Mike Dowdy (Harry), Zachary Allen Farmer (Ben)
and Sarah Porter (Helen).
Photo credit: Jill Ritter Lindberg
Director Scott Miller pulls no punches in this production.  Its pace is deliberate -- slow and suspenseful, with the creative design complementing the strong voices and engaging performances.  Lippert's detailed set has areas for the cellar, the main floor, a small kitchen nook and an upper level attic, with a scrim wall hinting at the band behind, who handle the score wonderfully.  Lippert is also responsible for the lighting design that casts creepy shadows in different areas, and includes cool effects for the molotov cocktails that are at one point thrown out of the upstairs window.  Sarah Porter and Marcy Wiegert's costume design informs each character nicely and Kerrie Mondy's sound design helps set the mood.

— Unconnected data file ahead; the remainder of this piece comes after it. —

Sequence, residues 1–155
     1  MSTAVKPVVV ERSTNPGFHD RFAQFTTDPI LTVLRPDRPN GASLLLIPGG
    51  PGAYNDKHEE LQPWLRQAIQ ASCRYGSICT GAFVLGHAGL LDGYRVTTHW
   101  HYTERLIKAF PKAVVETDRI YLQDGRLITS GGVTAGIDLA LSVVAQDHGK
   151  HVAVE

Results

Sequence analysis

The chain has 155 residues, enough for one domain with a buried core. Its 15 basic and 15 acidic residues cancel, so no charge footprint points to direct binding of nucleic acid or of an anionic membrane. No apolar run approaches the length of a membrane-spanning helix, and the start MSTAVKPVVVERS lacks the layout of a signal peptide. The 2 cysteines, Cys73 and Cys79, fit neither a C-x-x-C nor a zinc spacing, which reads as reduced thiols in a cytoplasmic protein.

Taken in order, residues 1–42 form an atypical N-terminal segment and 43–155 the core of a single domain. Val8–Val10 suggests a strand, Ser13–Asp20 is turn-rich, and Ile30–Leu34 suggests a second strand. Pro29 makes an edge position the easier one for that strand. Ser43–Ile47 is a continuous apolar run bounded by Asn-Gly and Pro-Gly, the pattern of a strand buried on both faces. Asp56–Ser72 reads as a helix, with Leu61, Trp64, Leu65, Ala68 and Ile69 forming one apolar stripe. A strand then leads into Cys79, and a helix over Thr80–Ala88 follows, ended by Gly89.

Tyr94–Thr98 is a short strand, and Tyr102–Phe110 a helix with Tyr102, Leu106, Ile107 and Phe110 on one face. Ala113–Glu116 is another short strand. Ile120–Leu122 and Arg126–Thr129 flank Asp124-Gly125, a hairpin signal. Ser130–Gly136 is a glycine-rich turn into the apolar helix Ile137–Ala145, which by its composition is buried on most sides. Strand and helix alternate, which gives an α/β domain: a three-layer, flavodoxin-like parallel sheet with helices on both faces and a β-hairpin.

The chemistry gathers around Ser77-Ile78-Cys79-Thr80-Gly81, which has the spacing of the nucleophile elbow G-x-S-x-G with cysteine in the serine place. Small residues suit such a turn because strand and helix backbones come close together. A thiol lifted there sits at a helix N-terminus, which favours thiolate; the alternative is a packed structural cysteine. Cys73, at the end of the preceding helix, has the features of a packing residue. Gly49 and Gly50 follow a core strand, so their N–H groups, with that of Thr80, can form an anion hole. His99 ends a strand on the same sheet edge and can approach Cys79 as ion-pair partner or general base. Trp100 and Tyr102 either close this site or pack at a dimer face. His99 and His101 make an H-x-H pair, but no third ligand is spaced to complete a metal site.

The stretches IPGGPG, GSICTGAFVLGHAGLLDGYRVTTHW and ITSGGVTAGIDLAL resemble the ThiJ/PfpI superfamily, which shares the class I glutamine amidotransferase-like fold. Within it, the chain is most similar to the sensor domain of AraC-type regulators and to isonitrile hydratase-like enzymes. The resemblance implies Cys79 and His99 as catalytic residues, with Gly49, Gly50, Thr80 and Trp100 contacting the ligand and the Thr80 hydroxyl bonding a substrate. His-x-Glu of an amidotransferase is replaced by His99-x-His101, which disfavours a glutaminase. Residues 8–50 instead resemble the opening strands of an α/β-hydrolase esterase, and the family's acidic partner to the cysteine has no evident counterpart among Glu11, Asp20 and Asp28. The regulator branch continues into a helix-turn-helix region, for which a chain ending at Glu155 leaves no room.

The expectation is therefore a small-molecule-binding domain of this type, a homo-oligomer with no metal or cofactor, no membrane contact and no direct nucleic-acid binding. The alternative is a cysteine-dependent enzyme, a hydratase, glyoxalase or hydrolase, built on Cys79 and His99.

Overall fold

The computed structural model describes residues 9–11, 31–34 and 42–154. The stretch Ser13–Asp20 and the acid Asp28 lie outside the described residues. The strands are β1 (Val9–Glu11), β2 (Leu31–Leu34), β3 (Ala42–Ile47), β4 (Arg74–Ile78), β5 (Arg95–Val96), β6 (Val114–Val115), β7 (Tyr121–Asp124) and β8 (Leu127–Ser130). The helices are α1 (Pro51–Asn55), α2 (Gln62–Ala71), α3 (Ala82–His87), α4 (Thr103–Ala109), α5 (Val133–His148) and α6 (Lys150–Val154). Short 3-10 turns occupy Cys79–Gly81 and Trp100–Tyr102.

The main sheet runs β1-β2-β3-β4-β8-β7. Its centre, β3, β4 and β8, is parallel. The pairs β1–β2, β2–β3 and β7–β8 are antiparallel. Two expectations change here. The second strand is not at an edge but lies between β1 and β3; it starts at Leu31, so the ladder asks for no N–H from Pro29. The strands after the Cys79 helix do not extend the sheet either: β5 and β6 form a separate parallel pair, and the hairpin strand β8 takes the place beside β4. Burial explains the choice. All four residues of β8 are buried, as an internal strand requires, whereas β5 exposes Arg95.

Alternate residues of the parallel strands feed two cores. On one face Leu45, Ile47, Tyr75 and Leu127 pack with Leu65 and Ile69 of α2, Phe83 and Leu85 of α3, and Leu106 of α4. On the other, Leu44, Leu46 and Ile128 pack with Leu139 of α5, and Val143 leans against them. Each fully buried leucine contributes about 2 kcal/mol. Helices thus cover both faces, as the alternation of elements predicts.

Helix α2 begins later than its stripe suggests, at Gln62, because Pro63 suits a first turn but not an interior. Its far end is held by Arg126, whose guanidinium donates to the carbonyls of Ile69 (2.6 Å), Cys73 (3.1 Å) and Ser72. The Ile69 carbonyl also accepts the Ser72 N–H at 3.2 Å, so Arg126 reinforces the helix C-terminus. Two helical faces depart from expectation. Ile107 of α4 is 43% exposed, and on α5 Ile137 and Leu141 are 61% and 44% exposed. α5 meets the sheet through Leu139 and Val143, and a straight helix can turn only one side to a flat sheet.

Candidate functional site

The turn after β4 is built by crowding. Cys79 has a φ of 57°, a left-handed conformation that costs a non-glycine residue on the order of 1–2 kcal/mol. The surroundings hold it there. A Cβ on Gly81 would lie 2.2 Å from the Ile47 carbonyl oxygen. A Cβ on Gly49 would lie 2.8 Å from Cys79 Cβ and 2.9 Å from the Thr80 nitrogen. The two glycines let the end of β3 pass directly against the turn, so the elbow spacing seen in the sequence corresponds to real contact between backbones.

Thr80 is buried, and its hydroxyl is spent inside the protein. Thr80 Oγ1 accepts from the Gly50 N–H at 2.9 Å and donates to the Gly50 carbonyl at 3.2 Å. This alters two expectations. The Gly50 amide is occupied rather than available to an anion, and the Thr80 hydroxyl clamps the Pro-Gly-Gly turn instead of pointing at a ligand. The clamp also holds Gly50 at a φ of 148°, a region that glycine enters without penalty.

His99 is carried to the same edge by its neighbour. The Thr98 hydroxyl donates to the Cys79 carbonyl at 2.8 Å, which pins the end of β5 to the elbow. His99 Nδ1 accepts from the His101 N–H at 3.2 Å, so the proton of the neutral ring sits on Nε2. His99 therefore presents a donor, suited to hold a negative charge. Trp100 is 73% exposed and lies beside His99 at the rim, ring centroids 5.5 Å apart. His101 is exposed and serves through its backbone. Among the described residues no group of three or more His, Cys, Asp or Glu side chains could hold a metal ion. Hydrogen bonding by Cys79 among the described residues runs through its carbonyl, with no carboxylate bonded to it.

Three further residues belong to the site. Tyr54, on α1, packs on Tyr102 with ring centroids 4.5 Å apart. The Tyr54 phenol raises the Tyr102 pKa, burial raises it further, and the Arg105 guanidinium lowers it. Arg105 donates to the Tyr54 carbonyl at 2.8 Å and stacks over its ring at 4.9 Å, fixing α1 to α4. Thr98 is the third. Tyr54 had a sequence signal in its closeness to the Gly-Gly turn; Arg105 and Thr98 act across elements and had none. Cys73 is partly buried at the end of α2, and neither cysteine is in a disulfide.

Like those old black-and-white horror films, "Night of the Living Dead" does more than scare -- it will give you a chill.  Bolstered by a score full of tight harmonies, surprising melodies, (particularly the "Broadcast" reprises) and a solid cast and crew, this regional premiere makes for another "must see" for the area's bountiful Halloween season of theatre.

The set for New Line Theatre's "Night of the Living Dead,"
designed by Rob Lippert.
Photo credit: Jill Ritter Lindberg

Book by Stephen Gregory Smith
Lyrics by Stephen Gregory Smith & Matt Conner
Music by Matt Conner
Directed by Scott Miller
Washington University South Campus Theatre, 6501 Clayton Road
through November 2 | tickets: $10 - $20
Performances Thursday to Saturday at 8pm